Now, Drayson Racing has brought its 596-kilowatt (800 horsepower) electric Le Mans prototype to the Bonneville Salt Flats in Utah in an attempt to beat its own record. The attempt is currently taking place and the team is confident of setting a new record.
“Back in June, the relatively short runway at Elvington limited our top speed as we had to brake as the car was still accelerating,” Mr. Drayson said in a statement. “We are looking forward to discovering just how fast the car can go on the wide-open spaces of the Bonneville salt flats, although it’s been a major engineering challenge to prepare the car for running on salt.”
With the attempt, Drayson Racing wants to demonstrate the future possibilities of electric car technology and performance and to highlight the importance of lightweight construction in future electric car design.
Drayson Racing's electric race car is called the B12 69/EV and is based on a Lola chassis designed for a V-10 powerplant. Power now comes from four electric motors, two at each of the rear wheels. Peak output has been increased to the aforementioned 596 kilowatts and providing the current is a 20-kilowatt-hour battery encased in a carbon battery cell integrated into the chassis.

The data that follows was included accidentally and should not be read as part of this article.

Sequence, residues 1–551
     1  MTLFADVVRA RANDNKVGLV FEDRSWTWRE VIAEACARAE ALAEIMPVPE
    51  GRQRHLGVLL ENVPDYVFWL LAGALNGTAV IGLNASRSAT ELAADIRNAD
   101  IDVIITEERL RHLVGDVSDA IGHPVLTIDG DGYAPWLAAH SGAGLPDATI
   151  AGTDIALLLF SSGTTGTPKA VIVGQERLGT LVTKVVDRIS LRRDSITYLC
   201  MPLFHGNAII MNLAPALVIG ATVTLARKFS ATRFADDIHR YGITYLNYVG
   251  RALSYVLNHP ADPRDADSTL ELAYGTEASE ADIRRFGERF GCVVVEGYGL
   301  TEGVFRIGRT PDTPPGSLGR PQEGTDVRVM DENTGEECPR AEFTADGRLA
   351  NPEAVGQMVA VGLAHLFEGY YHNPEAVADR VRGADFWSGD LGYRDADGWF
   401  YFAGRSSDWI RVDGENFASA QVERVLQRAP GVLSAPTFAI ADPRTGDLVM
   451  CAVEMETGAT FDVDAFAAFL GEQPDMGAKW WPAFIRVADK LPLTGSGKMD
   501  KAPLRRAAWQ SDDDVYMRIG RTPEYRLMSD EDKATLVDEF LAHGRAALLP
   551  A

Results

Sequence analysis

Note, the world land speed record for an electric car was set by French firm Venturi in 2010 and stands at 307.7 mph. Drayson Racing’s record is for an FIA-sanctioned vehicle and is not recognized by the record keepers at Guinness. Nevertheless, we wish them the best of luck and hope to report on a new record soon.